Policymakers and Key Partners Determined to Scale Up National HIV Responses to Reach Prevention Targets with Greater Efficiency

Policymakers and Key Partners Determined to Scale Up National HIV Responses to Reach Prevention Targets with Greater Efficiency


Friday, 22 March 2024, (PANCAP Coordinating Unit, CARICOM Secretariat): The Pan Caribbean Partnership against HIV and AIDS (PANCAP), the mechanism that provides a structured and unified approach to the Caribbean’s response to the HIV epidemic, concluded the Eighth Meeting of National AIDS Program (NAP) Managers and Key Partners in Trinidad and Tobago on Wednesday, 20 March 2024.

Policymakers, program managers, representatives of civil society organizations, the community of People Living with HIV (PLHIV), and those at the highest risk for HIV attended the two-day meeting.

After intense deliberations, participants explored various strategies for scaling up their work on HIV and other sexually transmitted infections (STIs) in their respective countries. Stronger coordination and better collaboration within and among governments, key stakeholders, and partners, including civil society organizations, must stimulate greater emphasis on relevant and accurate data collection regarding HIV and other diseases.  

Discussions also revolved around scaling up HIV self-testing (HIVST) throughout the Region so that countries can reach their prevention targets with greater efficiency. HIVST has shifted the paradigm for HIV testing, the first step in the care continuum. Through concerted regional efforts, the scale-up of HIVST will result in substantial progress in HIV testing, prevention, and care. It can result in countries achieving the First 95 in the prevention targets, in which PLHIV know their status.

The meeting further highlighted the urgent need to examine the various national and regional policies and program responses related to HIV treatment and care to reflect a person-centered differentiated model of care. Utilizing the person-centered approach that simplifies and adapts HIV services across the cascade in ways that both serve the needs of people living with or vulnerable to HIV can reduce unnecessary burdens on the health system within the Region. Greater emphasis on person-centered care where the individual matters and not their designation must be paramount. There were discussions on strengthening efforts to shift diagnostics away from healthcare facilities. It was also proffered that sustainable systems for community-based delivery and expanding access to person-centered treatment and prevention services must be developed more broadly.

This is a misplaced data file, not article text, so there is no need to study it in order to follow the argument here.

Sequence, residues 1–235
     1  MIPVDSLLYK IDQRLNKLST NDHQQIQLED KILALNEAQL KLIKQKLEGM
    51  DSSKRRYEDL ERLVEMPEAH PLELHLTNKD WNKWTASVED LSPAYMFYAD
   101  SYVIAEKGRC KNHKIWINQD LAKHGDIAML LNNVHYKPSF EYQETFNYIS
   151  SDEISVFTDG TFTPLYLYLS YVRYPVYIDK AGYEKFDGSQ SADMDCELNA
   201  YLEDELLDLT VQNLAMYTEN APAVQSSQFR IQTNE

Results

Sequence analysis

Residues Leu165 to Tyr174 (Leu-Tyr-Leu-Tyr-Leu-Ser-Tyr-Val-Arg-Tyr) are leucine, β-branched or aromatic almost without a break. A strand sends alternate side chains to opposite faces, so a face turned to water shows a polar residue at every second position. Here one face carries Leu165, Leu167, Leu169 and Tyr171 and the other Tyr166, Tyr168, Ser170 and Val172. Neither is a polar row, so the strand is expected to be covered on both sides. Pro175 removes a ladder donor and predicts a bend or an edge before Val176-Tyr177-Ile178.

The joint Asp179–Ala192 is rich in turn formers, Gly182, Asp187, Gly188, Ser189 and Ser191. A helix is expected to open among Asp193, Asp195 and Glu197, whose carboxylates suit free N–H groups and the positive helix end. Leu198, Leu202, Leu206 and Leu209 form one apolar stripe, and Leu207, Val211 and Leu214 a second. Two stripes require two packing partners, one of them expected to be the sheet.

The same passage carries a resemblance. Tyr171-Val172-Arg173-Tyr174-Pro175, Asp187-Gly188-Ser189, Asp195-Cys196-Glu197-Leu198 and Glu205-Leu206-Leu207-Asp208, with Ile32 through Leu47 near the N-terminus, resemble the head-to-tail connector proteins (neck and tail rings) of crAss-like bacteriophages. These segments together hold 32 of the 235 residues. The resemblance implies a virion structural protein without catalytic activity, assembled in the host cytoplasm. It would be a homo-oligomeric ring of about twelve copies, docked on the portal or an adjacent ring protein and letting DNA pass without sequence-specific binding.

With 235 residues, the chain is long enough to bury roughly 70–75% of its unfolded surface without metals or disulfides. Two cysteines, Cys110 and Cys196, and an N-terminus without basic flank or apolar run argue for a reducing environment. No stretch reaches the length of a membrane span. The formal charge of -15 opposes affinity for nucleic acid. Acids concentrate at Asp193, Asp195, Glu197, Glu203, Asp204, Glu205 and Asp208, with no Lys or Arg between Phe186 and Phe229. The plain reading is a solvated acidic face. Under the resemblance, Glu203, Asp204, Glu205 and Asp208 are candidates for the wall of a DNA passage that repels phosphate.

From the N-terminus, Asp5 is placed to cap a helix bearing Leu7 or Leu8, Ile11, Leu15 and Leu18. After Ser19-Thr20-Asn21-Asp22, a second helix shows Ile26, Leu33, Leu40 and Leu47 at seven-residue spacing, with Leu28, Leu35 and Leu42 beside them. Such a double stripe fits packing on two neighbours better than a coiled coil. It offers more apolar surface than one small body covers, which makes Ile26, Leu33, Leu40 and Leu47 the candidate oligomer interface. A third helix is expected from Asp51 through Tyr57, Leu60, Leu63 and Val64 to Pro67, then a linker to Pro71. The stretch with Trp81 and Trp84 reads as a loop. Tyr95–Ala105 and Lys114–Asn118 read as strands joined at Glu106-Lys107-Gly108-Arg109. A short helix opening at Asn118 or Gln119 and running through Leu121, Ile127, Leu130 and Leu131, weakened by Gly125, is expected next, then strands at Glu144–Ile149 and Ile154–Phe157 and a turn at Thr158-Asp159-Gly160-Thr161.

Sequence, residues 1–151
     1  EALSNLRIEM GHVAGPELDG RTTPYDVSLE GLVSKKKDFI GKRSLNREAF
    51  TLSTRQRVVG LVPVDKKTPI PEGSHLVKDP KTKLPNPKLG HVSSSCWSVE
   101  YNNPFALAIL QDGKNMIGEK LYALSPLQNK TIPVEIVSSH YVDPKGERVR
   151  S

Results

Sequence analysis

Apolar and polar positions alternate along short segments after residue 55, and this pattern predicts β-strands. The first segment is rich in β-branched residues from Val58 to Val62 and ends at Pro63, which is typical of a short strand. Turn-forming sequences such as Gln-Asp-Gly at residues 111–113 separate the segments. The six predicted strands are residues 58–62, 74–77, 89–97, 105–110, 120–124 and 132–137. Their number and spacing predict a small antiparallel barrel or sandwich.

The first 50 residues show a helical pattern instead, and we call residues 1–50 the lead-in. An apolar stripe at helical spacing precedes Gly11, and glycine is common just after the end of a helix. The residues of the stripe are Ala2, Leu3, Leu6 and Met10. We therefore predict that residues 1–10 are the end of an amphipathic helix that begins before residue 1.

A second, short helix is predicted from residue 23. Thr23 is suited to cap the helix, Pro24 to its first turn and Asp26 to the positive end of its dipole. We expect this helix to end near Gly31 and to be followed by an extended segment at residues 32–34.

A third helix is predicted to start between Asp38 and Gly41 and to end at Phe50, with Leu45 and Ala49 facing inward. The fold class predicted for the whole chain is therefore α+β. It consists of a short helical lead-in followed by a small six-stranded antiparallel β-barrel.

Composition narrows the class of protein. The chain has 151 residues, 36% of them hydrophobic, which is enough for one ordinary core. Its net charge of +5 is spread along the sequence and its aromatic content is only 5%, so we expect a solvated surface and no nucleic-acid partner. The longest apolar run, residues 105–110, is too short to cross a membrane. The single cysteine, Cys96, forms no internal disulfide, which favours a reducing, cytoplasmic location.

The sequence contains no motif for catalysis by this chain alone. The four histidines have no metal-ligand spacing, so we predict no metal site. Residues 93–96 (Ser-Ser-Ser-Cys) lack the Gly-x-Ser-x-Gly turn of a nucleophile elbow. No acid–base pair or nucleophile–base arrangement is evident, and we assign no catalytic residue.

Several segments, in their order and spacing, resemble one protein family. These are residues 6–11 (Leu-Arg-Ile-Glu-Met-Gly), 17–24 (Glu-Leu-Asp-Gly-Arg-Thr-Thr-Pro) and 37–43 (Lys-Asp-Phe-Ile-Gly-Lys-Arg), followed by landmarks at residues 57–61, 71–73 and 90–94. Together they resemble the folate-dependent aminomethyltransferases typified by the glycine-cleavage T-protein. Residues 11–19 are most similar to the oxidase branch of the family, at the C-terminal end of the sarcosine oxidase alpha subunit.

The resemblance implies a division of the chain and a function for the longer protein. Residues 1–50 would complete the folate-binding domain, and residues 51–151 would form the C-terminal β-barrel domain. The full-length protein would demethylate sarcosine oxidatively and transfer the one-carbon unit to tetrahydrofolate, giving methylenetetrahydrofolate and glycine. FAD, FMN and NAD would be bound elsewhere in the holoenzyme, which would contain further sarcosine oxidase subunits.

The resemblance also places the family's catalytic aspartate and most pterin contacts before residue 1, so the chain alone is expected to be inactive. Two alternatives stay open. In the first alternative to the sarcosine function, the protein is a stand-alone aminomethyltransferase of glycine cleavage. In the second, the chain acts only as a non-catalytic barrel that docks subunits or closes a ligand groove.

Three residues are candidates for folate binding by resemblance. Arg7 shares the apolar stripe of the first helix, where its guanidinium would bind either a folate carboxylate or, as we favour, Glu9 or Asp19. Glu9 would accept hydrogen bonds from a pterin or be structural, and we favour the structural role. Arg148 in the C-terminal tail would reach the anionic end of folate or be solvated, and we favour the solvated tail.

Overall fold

There were also discussions on the need for significant emphasis to be placed on how children are treated within the general HIV response. Moreover, there must be more strategic efforts to anchor the treatment of children into the various available Maternal and Child Health (MCH) programs.

Increased use of Information and Communications Technology (ICT) must form part of the overarching regional HIV response, enabling advocacy, mobilization, and empowerment of PLHIV, women, and other vulnerable groups. Specific ICT platforms reduce costs and can potentially reach people on a more targeted level. Telemedicine was also discussed to access hard-to-reach communities that may pose a challenge to other forms of ICT.

The meeting also discussed the need for strong, cohesive community responses. Communities must play a heightened role in supporting national HIV responses. These communities must have a more defining role not only in HIV but also in health generally. 

Director of the PANCAP Coordinating Unit (PCU), Dr Wendy Telgt Emanuelson, underscored the commitment of the PCU to assist countries in implementing the key takeaways from the discussions and ensuring tangible progress in addressing HIV and AIDS in the Region. She also acknowledged the support of PANCAP’s development partners, the Global Fund, the Pan-American Health Organization (PAHO), the Joint United Nations Program on HIV and AIDS (UNAIDS),  and the United States Agency for International Development (USAID).


PANCAP is a Caribbean regional partnership of governments, regional civil society organizations, regional institutions and organizations, bilateral and multilateral agencies and contributing donor partners established on 14 February 2001.  PANCAP provides a structured and unified approach to the Caribbean’s response to the HIV epidemic, and coordinates the response through the Caribbean Regional Strategic Framework on HIV and AIDS to maximize efficient use of resources and increase impact, mobilize resources and build the capacity of partners.

What are the 95-95-95 Targets for ending AIDS?

  • 95% of People Living with HIV know their HIV status;
  • 95% of people who know their status on treatment; and
  • 95% of people on treatment with suppressed viral loads.


Global AIDS Strategy 2021–2026, End Inequalities, End AIDS


Caribbean Regional Strategic Framework on HIV and AIDS (CRSF) 2019-2025


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